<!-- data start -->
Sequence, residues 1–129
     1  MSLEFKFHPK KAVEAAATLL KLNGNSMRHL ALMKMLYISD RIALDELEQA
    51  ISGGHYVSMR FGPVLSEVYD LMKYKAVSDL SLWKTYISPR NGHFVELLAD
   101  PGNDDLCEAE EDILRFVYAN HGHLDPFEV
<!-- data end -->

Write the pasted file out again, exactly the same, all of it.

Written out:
Sequence, residues 1–129
     1  MSLEFKFHPK KAVEAAATLL KLNGNSMRHL ALMKMLYISD RIALDELEQA
    51  ISGGHYVSMR FGPVLSEVYD LMKYKAVSDL SLWKTYISPR NGHFVELLAD
   101  PGNDDLCEAE EDILRFVYAN HGHLDPFEV